Joe Lewis spared jail time for part in ‘brazen’ insider trading conspiracy

<span>Joe Lewis leaves Manhattan federal court on 26 July 2023, in New York.</span><span>Photograph: Mary Altaffer/AP</span>
Joe Lewis leaves Manhattan federal court on 26 July 2023, in New York.Photograph: Mary Altaffer/AP

The British billionaire Joe Lewis was spared jail time for his part in a “brazen” insider trading conspiracy on Thursday, and was instead fined $5m and given a three-year probation by a New York judge.

The 87-year-old, who heads the family that owns Tottenham Hotspur, had faced as much as 45 years in prison if convicted at trial. But in a court filing on Monday, prosecutors said Lewis deserved leniency given his age, health issues and the fact that he had voluntarily come to the US to face punishment.

Lewis arrived in court with his family looking frail and wearing an eye patch. Prosecutor Jason Richmond said: “Even billionaires are not above the law,” but he acknowledged mitigating factors, including Lewis’s voluntary return to the US to face charges, and said they were not seeking prison time.

Judge Jessica Clarke said Lewis was “at serious risk” if he was incarcerated due to deteriorating health. Clarke said the offense was “without doubt serious”. “Crimes like insider trading strike at the integrity of our markets,” she added, but Lewis’s circumstances did not warrant incarceration.

The court fined Lewis’s company Broad Bay $44m, bringing the total fine and restitution to $49m.

In a brief statement to the court, Lewis talked about his childhood during the Blitz in in London. “At an early age, I learned how precious life is. I made a terrible mistake. I broke the law. I am ashamed, sorry, and I hold myself accountable. If your honor so desires, I wish to use the time I have left to make amends and rebuild trust.”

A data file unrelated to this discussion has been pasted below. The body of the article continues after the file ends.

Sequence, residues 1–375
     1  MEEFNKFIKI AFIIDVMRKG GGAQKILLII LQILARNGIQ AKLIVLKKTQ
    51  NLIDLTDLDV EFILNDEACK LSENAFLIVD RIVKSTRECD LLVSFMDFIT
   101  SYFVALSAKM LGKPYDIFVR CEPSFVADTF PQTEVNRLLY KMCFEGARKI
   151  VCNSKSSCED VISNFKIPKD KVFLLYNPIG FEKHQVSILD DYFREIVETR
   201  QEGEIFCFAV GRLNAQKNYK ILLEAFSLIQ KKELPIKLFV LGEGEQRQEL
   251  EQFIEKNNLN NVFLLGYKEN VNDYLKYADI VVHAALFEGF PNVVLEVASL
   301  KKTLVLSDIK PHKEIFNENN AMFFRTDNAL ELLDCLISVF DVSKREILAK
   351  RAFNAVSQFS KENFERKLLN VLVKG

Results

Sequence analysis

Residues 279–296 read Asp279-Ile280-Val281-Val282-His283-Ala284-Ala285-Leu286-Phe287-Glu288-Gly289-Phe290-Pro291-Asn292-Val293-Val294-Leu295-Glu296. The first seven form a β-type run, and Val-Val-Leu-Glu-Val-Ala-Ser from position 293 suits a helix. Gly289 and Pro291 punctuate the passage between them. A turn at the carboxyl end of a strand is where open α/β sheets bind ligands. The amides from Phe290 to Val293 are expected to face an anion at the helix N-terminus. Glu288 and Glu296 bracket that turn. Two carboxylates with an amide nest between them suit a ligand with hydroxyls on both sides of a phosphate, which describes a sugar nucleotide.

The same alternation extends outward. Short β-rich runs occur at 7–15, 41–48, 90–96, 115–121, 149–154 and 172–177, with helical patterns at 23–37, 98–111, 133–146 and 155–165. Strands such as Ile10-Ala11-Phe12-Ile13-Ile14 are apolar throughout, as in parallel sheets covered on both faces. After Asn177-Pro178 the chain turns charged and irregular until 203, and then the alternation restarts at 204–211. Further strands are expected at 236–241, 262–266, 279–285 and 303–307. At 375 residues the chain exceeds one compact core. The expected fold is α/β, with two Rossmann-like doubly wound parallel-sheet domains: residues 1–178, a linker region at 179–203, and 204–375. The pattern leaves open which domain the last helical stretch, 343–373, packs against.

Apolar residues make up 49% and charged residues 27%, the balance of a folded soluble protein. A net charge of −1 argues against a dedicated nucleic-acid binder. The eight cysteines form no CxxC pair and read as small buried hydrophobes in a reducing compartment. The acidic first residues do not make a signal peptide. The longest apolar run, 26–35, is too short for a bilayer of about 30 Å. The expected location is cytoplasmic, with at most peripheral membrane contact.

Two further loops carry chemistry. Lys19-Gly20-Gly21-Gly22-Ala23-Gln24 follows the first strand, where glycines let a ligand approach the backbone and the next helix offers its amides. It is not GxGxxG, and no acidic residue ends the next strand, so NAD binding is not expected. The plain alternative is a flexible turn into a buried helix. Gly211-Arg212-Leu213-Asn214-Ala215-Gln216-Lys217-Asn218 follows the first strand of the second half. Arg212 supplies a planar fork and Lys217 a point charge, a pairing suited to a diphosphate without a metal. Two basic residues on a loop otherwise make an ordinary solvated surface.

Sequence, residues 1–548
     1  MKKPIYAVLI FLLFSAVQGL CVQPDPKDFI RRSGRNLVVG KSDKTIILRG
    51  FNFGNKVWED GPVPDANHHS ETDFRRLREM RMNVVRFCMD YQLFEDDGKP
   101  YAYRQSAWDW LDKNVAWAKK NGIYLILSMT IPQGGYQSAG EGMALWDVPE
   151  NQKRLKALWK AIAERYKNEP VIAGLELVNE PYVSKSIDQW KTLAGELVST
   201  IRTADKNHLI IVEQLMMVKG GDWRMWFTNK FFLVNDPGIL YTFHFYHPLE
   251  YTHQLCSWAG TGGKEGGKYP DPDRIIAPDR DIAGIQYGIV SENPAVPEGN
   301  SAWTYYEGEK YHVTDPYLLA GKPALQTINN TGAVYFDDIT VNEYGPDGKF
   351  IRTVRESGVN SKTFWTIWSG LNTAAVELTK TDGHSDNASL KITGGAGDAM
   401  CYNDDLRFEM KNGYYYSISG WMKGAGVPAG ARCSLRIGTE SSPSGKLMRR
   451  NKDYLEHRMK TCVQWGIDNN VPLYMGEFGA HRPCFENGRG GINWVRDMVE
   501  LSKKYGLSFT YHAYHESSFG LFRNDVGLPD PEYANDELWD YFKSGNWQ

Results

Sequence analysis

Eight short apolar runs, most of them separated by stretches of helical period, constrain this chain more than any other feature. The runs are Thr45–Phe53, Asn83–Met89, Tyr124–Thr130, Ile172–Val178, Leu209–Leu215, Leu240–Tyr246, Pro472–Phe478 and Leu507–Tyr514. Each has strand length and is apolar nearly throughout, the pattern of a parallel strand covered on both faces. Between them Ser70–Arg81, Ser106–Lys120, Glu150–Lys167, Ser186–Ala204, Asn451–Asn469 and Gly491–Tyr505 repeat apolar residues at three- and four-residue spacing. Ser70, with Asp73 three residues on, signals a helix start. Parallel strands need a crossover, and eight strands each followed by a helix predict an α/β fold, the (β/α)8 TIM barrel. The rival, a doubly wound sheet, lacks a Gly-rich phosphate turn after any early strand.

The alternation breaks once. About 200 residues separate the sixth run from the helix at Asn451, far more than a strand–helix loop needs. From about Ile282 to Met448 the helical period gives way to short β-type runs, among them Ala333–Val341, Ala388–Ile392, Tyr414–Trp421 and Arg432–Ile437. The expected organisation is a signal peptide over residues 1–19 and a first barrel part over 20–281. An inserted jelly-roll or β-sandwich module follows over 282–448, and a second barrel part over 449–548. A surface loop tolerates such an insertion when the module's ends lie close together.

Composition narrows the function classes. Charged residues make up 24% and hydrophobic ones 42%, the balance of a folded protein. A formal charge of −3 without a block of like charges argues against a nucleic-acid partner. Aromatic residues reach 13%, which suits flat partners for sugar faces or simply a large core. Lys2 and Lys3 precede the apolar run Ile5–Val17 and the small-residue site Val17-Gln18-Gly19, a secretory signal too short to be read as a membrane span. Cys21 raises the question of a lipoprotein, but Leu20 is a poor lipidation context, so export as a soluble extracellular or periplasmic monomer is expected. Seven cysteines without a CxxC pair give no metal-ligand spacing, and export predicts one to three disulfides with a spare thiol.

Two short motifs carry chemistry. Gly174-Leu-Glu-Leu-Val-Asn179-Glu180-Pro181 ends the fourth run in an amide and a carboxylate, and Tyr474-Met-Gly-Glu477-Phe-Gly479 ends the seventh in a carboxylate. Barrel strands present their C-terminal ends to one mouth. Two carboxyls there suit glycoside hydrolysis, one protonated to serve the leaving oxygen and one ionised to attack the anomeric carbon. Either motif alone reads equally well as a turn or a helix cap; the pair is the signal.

Born above a pub in the East End of London, Lewis turned his father’s catering business into a chain of themed restaurants before turning to currency trading. He founded the Tavistock Group, which has stakes in more than 200 companies, including Spurs, biotechnology and agriculture ventures, financial services, luxury hotels, resorts and retail.

He and his family have a net worth of $7.2bn, according to the Bloomberg billionaires index.

Last July, Lewis was hit with 16 counts of securities fraud and three of conspiracy to commit fraud that prosecutors called a “brazen” scheme to enrich his friends, lovers and employees, including two private jet pilots.

The US attorney for the southern district of New York, Damian Williams, said Lewis had “abused his access to corporate boardrooms” to provide confidential information to people who used his tips to make millions of dollars betting on the stock market.

Williams said Lewis had knowingly deployed the tactic “as a way to compensate his employees or to shower gifts on his friends and lovers”.

Under the terms of a $300m bond to secure his release, Lewis agreed to surrender his private yacht Aviva, which he was prohibited from boarding, and his personal plane, which can be used – with prior notification to prosecutors – but only for domestic US travel.

He was further restricted from international travel and will be confined to New York, northern Georgia, where he owns a home, and Florida.

The allegations included a 2019 tip-off to co-defendants Patrick O’Connor and Bryan “Marty” Waugh, both pilots of his private plane, to sell stocks in a troubled Australian beef producer and a tip-off to then-girlfriend Carolyn Carter to purchase shares in a biotech company after he learned of an upcoming private investment and clinical trials.

In January, Lewis pleaded guilty to reduced charges after prosecutors agreed to a non-custodial sentence. Lewis retained his right to change his plea if a custodial sentence were imposed.

Soon after, O’Connor changed his plea and admitted to insider trading and securities fraud.

Co-pilot Waugh has pleaded not guilty and is scheduled to go to trial in June.